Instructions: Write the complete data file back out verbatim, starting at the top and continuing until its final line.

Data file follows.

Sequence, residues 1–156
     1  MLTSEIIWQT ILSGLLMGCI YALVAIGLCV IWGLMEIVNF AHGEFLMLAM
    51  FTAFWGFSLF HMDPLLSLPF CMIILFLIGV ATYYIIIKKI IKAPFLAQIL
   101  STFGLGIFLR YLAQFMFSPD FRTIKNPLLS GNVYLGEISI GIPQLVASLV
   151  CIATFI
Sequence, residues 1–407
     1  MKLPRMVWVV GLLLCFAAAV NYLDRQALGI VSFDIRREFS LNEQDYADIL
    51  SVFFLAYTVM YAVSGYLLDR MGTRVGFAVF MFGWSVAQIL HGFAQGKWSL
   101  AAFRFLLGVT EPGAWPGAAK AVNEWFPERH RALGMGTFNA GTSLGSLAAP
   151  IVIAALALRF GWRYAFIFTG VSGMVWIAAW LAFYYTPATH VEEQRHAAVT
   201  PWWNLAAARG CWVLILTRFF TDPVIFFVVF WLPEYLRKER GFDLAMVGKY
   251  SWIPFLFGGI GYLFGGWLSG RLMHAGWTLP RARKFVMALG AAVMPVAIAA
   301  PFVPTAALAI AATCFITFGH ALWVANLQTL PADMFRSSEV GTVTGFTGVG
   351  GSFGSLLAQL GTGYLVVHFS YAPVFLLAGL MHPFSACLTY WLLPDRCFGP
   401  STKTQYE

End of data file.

Sequence, residues 1–156
     1  MLTSEIIWQT ILSGLLMGCI YALVAIGLCV IWGLMEIVNF AHGEFLMLAM
    51  FTAFWGFSLF HMDPLLSLPF CMIILFLIGV ATYYIIIKKI IKAPFLAQIL
   101  STFGLGIFLR YLAQFMFSPD FRTIKNPLLS GNVYLGEISI GIPQLVASLV
   151  CIATFI
Sequence, residues 1–407
     1  MKLPRMVWVV GLLLCFAAAV NYLDRQALGI VSFDIRREFS LNEQDYADIL
    51  SVFFLAYTVM YAVSGYLLDR MGTRVGFAVF MFGWSVAQIL HGFAQGKWSL
   101  AAFRFLLGVT EPGAWPGAAK AVNEWFPERH RALGMGTFNA GTSLGSLAAP
   151  IVIAALALRF GWRYAFIFTG VSGMVWIAAW LAFYYTPATH VEEQRHAAVT
   201  PWWNLAAARG CWVLILTRFF TDPVIFFVVF WLPEYLRKER GFDLAMVGKY
   251  SWIPFLFGGI GYLFGGWLSG RLMHAGWTLP RARKFVMALG AAVMPVAIAA
   301  PFVPTAALAI AATCFITFGH ALWVANLQTL PADMFRSSEV GTVTGFTGVG
   351  GSFGSLLAQL GTGYLVVHFS YAPVFLLAGL MHPFSACLTY WLLPDRCFGP
   401  STKTQYE